Perhaps the hottest buzzword—or buzz acronym—in the world of asset management is ESG (Environmental, Social, and Governance). By any measure, the demand for and size of ESG products is rapidly increasing. For example, in the 30-month period ending June 30, 2020, “socially conscious”-registered investment products grew 6-fold and since the start of 2020, the total amount of assets invested in US-exchange traded ESG portfolios has more than doubled.

Investors’ voracious appetite for ESG products has led to demand for data regarding individual issuers’ ESG policies and practices and fund and asset managers’ ESG strategies. This, in turn, has drawn the attention of regulators, and particularly the Securities Exchange Commission.

This all begs the questions of whether companies face increased risks regarding ESG disclosures, what are those risks, and who bears them—asset managers and investment advisors working with ESG products or issuers more broadly?

In the first several months of this year, the SEC has issued multiple statements, reports, and risk alerts emphasizing the Commission’s focus on disclosures relating to ESG and climate-related risks.1 These pronouncements raise questions about the Commission’s examination and enforcement regime and its rule making moving forward. Here, we examine some of those questions in the context of SEC examinations and enforcement actions.

Recent SEC Statements

The SEC has commented on ESG disclosure issues in the past, but never with the frequency or focus that it has in the past few months. On February 24, 2021, Acting Chair Allison Herren Lee issued a Statement on Review of Climate-Related Disclosure2 in which she directed the Division of Corporate Finance to enhance its focus on climate-related disclosures in company filings with the intention of ultimately updating the Commission’s more than decade-old guidance regarding such disclosures.3 Approximately a week later, on March 3, 2021, the Division of Examinations identified reviewing the consistency, adequacy, and accuracy of disclosures about ESG processes and practices as one of its 2021 examinations priorities.4 The following day, the Commission announced the creation of a Climate and ESG Task Force in the Division of Enforcement,5 which was tasked with identifying material gaps or misstatements in issuers’ disclosure of climate-related risks under existing rules and analyzing disclosure and compliance issues relating to investment advisers’ and funds’ ESG strategies.

Most recently, on April 9, 2021, the Division of Examinations released a Risk Alert6 regarding its review of ESG investing, in which the Division stated that it had observed deficiencies, internal control weaknesses, and potentially misleading statements regarding ESG investing processes.

ESG Disclosure Risks Under Current Rules

This all begs the questions of whether companies face increased risks regarding ESG disclosures, what are those risks, and who bears them—asset managers and investment advisors working with ESG products or issuers more broadly? In fact, the SEC’s two republican commissioners have made several statements criticizing the SEC’s focus on ESG disclosures as nothing more than public relations spin, which leads to confusion in the investing community.

Chairman Gary Gensler’s testimony at his confirmation hearing may provide some guidance. Chairman Gensler explained that in assessing ESG and climate-related disclosures, he would apply the historical materiality standard—i.e, what a reasonable investor would consider material in making investment and voting decisions. He went on to note, however, that this analysis could be guided by the investor community, which has demonstrated support for ESG-related disclosures. Accordingly, asset managers and investment advisors are unlikely to be saved from exposure for misrepresentations regarding ESG practices and policies by arguing that the misrepresentations are immaterial since the ESG strategy itself—not only the performance implications of it—is material to many investors’ investing and voting decisions. This is consistent with the SEC Investor Advisory Committee’s observation in May 2020 that information regarding ESG strategy “is material to investors regardless of an issuer’s business line, model or geography.”7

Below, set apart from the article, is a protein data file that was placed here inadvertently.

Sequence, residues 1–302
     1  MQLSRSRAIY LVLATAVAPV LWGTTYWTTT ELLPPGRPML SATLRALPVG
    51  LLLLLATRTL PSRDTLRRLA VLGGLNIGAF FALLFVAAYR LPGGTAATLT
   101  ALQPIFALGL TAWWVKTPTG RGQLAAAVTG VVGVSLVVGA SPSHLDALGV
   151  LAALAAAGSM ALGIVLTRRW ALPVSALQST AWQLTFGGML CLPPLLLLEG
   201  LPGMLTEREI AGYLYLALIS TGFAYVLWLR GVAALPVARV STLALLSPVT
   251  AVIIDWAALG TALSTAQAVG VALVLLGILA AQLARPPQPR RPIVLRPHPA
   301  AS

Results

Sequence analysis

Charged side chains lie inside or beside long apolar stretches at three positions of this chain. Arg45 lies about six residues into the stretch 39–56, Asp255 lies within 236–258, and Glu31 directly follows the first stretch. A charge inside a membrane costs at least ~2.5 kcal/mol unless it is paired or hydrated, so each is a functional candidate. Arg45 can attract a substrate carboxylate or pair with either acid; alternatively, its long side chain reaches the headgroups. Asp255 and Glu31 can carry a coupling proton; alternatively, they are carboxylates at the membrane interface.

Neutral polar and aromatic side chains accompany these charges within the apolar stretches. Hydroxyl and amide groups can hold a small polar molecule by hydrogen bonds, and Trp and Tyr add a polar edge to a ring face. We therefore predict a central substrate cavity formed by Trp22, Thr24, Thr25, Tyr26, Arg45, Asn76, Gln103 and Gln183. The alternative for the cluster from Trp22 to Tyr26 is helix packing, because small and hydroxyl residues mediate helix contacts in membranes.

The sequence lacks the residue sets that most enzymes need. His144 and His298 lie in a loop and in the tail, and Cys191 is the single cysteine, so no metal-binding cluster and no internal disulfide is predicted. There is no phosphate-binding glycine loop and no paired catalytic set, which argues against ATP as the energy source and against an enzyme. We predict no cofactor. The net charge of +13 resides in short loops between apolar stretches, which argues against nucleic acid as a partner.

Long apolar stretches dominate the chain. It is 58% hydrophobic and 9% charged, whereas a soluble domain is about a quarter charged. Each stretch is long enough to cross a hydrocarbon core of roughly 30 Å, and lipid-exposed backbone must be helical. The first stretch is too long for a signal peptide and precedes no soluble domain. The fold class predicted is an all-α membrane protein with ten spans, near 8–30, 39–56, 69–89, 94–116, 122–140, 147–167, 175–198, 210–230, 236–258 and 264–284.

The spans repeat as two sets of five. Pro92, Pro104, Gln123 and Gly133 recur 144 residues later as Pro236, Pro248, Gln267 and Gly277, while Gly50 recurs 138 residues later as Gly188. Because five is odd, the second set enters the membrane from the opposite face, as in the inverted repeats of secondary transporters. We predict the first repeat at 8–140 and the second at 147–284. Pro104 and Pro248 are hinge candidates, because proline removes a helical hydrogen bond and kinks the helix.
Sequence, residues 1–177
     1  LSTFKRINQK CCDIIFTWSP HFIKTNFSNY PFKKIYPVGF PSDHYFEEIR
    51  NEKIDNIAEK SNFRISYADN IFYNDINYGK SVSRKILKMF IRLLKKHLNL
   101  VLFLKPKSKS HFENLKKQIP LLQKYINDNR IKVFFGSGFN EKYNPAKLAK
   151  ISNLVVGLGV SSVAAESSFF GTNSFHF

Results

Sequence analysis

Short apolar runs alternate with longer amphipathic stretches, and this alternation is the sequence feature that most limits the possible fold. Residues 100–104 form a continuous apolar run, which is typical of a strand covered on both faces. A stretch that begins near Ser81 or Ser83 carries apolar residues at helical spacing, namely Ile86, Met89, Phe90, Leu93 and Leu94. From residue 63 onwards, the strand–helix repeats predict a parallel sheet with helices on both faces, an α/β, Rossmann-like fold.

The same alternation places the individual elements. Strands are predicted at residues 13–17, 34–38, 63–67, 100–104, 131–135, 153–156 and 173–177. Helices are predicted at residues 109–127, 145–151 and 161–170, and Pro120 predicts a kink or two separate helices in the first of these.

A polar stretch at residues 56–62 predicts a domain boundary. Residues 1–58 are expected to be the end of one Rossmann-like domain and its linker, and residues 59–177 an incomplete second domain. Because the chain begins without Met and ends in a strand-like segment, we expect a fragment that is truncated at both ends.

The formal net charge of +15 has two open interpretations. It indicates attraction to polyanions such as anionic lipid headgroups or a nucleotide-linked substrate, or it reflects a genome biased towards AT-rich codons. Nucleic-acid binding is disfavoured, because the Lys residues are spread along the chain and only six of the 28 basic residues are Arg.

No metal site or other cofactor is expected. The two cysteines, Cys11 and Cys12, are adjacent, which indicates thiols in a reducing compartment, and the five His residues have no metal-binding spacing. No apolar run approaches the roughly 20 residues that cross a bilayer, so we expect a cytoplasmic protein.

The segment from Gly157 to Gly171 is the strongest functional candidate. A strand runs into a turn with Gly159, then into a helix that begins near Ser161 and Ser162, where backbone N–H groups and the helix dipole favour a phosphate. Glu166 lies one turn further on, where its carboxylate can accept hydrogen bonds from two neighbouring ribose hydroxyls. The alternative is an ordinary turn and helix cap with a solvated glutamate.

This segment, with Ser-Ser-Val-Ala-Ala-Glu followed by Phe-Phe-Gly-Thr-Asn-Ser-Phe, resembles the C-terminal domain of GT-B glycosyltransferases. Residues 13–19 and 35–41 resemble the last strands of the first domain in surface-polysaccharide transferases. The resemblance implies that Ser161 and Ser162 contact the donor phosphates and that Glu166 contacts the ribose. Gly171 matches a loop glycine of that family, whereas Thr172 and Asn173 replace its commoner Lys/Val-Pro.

For now, at least, it appears that the focus of the Divisions of Examinations and Enforcement will be on disclosures from investment advisors and funds regarding ESG strategies. But issuers generally will face scrutiny as well, particularly with respect to climate risk disclosures or where issuers make representations about ESG practices.

How the Commission will deal with the inherently thorny nature of ESG disclosures in a complex world involving cross border supply chains where “green” technologies often require the environmentally damaging mining of rare earths remains to be seen. But the Commission’s repeated pronouncements to start this year about its ESG focus cannot be disregarded.

  1. While climate disclosures can be considered under the umbrella of ESG, the SEC’s practice has been to separate climate change disclosures into its own category. The logic behind this is that some climate change disclosures relate to solely economic risk (risk to physical assets or supply chains from climate change) while only some fit under the more traditional ESG framework (decarbonization efforts).
  3. On March 11, 2021, John Coates, the Acting Director of the Division of Corporate Finance made remarks regarding the Division’s considerations for implementing an effective ESG disclosure system, emphasizing the need for SEC policy in this area to be adaptive and innovative. And on March 15, 2021, the Commission put out a request for public input on climate change-related disclosures.
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